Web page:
3.       What is the PVB? (That is, how much could be borrowed at
         8% when repayment of the loan is the same as the lease
         payments?)

Ans. 2,618.19/1.08 + 2,618.19/(1.08)2 + 2,618.19/(1.08)3 +
         2,618.19/(1.08)4 + 6,000/(1.08)5 = $12,755.28

4.       What is the NAL?

Ans. $12,381.81  $12,755.28 = $373.47

5.       Should we lease or borrow?

Ans. Borrow.

6.       Why borrow instead of lease?

Ans. Because the NAL is negative.

7.       Why is the NAL negative?

Ans. Because the implied interest cost of the lease is higher
         than the 8% cost of borrowing.

8.       How much is the implied interest cost of the lease?

Ans. 9%  see p 544 (535 3rd edn).


          Lease evaluation using after-tax cash flows

Example
See p 548 [534 3rd edn].
Value of asset: $15,000

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FIN211                                                           9B




Lease payments: $2,618.19 at the start of each year for the next five
years.
Residual value: $6,000 at end of five years.
Cost of borrowing: 8.0%
Salvage value: $9,000
Depreciation: $2,700 per year
Tax rate: 47%. Tax payments lagged by one year.

1.       What are the net proceeds of the lease?

         Ans. $15,000 - $2,618.19 = $12,381.81

2.       What are the lease cash flows (to be discounted)?
Years 1-4:
(Depreciation of $2,700 less lease payments of $2,618.19)  0.47
= $38.45 tax saving forgone by leasing.

Therefore differential cash flow = $2,618.19  $38.45
= $2,656.64

Year 5:

Differential cash flow = $6,000  $38.45 = $6,038.45

Year 6:
Disposal profit if owning = $9,000 – $1,500 = $7,500
Disposal profit if leasing = $9,000 – $6,000 = $3,000

Additional tax liability if owning = ($7,500  $3,000)  0 .47

= $2,115


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FIN211                                                              9B



3.       What is the after-tax cost of borrowing?

         Ans. 8.0% x 0.53 = 4.24%


4.       What is the PVB? (That is, how much could be borrowed at
         8.0% when repayment of the loan is the same as the lease
         payments?)

         Ans. 2,656.64/1.0424 + 2,656.64/(1.0424)2 +
         2,656.64/(1.0424)3 + 2,656.64/(1.0424)4 +
         6,038.45/(1.0424)5  $2,115/(1.0424)6 = $12,846.76


5.       What is the NAL?

         Ans. $12,381.81  $12,846.76 = $464.95


6.       Should we lease or borrow?
         Ans. Borrow.


7.       Why borrow instead of lease?
         Ans. Because the NAL is negative.


                Cost of bank overdraft finance
The actual cost of bank overdraft finance may be higher than
overdraft rate quoted by the bank due to other bank charges such as
an establishment fee or unused limit fee. A spreadsheet model is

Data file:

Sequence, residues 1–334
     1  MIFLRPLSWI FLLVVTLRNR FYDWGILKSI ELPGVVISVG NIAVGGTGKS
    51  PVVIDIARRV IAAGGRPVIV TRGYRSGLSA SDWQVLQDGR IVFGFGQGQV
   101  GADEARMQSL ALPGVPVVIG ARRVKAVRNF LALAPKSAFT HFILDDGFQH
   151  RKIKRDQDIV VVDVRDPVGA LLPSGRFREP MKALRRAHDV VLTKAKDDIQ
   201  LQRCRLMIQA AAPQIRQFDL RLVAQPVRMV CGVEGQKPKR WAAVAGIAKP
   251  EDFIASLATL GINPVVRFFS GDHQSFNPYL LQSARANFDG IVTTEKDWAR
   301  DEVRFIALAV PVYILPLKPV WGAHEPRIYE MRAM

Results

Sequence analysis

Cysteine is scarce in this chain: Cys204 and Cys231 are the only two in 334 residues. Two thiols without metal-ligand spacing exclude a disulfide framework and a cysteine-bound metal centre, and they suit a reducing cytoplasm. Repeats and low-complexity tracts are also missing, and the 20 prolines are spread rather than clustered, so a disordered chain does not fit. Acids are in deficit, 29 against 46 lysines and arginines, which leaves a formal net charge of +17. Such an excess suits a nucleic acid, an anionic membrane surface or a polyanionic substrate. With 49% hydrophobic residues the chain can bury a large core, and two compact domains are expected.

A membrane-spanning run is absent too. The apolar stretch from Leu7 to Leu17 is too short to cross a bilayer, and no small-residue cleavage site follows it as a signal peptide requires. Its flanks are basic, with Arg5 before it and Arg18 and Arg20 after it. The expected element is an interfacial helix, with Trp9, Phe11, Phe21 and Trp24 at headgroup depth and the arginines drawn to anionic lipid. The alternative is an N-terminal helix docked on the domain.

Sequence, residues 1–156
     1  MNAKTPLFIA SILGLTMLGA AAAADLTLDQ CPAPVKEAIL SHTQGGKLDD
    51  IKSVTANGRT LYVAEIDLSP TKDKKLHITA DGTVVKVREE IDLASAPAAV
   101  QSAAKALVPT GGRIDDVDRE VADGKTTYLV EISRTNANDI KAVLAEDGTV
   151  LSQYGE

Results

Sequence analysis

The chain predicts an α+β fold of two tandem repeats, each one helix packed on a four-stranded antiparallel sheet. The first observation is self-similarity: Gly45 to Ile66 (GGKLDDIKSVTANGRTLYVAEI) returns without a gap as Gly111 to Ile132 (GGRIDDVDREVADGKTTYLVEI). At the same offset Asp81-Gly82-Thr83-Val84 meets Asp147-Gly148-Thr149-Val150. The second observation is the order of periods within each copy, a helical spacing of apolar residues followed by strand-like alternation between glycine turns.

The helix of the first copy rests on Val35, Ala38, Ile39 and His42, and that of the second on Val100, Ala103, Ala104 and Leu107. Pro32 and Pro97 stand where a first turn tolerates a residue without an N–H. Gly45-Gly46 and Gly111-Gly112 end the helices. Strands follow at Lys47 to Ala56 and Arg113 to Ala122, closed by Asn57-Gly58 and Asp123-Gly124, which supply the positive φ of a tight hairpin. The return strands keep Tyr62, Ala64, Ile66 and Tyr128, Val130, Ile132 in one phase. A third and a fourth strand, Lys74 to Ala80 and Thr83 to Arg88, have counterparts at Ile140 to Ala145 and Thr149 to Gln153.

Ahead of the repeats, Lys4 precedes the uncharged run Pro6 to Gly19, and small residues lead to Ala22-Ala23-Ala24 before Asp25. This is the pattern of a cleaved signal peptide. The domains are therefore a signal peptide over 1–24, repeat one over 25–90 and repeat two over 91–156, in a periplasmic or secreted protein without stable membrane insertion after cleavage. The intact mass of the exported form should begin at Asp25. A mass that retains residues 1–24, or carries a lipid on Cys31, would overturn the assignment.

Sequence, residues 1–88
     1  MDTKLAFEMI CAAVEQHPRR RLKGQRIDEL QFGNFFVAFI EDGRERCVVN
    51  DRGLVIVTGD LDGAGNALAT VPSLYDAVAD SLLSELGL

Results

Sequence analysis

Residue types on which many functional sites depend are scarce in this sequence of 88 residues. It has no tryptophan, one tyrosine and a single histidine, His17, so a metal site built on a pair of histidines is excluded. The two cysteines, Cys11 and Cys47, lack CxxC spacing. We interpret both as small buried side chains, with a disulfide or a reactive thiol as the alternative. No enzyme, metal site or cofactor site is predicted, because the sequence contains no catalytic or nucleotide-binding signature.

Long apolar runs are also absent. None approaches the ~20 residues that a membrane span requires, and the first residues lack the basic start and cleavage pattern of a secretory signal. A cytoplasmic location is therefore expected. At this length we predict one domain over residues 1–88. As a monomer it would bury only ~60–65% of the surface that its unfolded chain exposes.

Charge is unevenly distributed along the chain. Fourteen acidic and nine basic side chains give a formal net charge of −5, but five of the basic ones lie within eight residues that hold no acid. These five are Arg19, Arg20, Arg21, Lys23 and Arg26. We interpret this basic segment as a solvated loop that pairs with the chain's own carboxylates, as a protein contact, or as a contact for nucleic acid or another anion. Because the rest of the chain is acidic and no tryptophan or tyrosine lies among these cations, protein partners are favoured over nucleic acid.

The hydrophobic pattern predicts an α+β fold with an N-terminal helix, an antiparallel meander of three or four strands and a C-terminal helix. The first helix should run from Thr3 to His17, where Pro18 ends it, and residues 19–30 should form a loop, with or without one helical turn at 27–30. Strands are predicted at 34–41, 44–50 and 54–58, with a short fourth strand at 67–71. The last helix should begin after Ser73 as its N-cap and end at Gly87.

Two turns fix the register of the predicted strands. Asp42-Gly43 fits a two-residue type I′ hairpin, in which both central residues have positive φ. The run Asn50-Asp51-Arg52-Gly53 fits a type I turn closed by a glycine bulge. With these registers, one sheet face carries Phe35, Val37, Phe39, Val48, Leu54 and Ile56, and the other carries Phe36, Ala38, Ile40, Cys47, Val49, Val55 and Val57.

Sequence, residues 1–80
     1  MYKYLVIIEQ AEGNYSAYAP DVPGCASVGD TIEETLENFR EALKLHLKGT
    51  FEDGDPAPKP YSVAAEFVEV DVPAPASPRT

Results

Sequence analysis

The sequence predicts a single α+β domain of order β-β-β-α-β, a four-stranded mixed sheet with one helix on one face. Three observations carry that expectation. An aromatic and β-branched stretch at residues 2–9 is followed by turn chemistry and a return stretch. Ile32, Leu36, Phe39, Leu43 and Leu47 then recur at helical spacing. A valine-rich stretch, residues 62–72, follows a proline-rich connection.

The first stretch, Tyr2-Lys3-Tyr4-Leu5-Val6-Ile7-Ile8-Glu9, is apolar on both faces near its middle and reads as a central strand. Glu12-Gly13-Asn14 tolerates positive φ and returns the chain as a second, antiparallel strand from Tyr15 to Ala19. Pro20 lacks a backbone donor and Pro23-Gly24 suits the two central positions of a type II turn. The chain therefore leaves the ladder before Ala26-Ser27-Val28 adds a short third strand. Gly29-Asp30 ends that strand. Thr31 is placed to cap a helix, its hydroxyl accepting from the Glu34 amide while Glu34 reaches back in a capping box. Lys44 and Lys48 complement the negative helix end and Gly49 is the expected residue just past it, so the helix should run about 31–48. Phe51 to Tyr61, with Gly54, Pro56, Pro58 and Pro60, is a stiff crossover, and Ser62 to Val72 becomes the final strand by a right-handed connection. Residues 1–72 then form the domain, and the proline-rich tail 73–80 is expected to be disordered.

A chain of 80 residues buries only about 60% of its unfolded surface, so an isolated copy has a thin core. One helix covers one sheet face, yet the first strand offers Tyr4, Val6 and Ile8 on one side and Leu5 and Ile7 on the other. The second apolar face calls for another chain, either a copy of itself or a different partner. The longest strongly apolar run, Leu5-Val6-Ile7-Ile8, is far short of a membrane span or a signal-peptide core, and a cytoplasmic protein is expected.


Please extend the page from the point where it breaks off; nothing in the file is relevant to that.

recommended for calculating the effective cost of overdraft finance.




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FIN211                                                                                             9B



Example 7-7: p 194 (189 of 3rd edn)

Overdraft rate:                  18% calculated daily.
Limit:                           $5,000
Establishment fee:               $50
Unused limit fee:                1%
19 September:            Cash cheque for $3,000. Establishment fee charged.
30 September:            Bank fees debited to bank account by bank.
20 October:              Deposit $1,500
10 November:             Cashed cheque for $2,500
30 November:             Pay off account. How much?

                    Template for Problem 7-7: textbook page 189
                                                                 Output
            Input
                                                                              a         b
  Overdraft limit      $5,000                     Total bank charges        $157.23 $107.23
                                              Tot. bank charges: % of av.
Establishment fee        $50                                                5.41%     3.69%
                                                       daily bal.
  Overdraft rate       18.00%                 Average daily interest rate 0.0752% 0.0513%
 Unused limit fee      1.00%                    Annual percentage rate      27.44%    18.71%
                                               EAR (assuming quarterly
                                                                            30.39%    20.07%
                                                   compounding)

                    Ledger account           Cum.                     Bank figures
                                             bank
 Date                                      charges Establish-           Unused Account
         Debits        Credits     Balance  @ av.     ment Fee
                                                               Interest
                                                                        limit fee debits
                                                                                         Balance
                                           daily rate
             $            $           $        $         $         $        $       $       $
19-Sep                -3,050.00 -3,050.00                50.00                         50.00 3,050.00

30-Sep                   -17.13 -3,067.13      -25.22              16.55      0.59     17.13 3,067.13

20-Oct 1,500.00                   -1,567.13    -71.34              30.25      1.06             1,598.44

10-Nov                -2,500.00 -4,067.13      -96.08              16.23      1.96             4,116.63

30-Nov 4,157.23          -90.10        0.00 -157.23                40.11      0.48     90.10      0.00
    Average daily balance         -2,904.79                      Total bank charges   157.23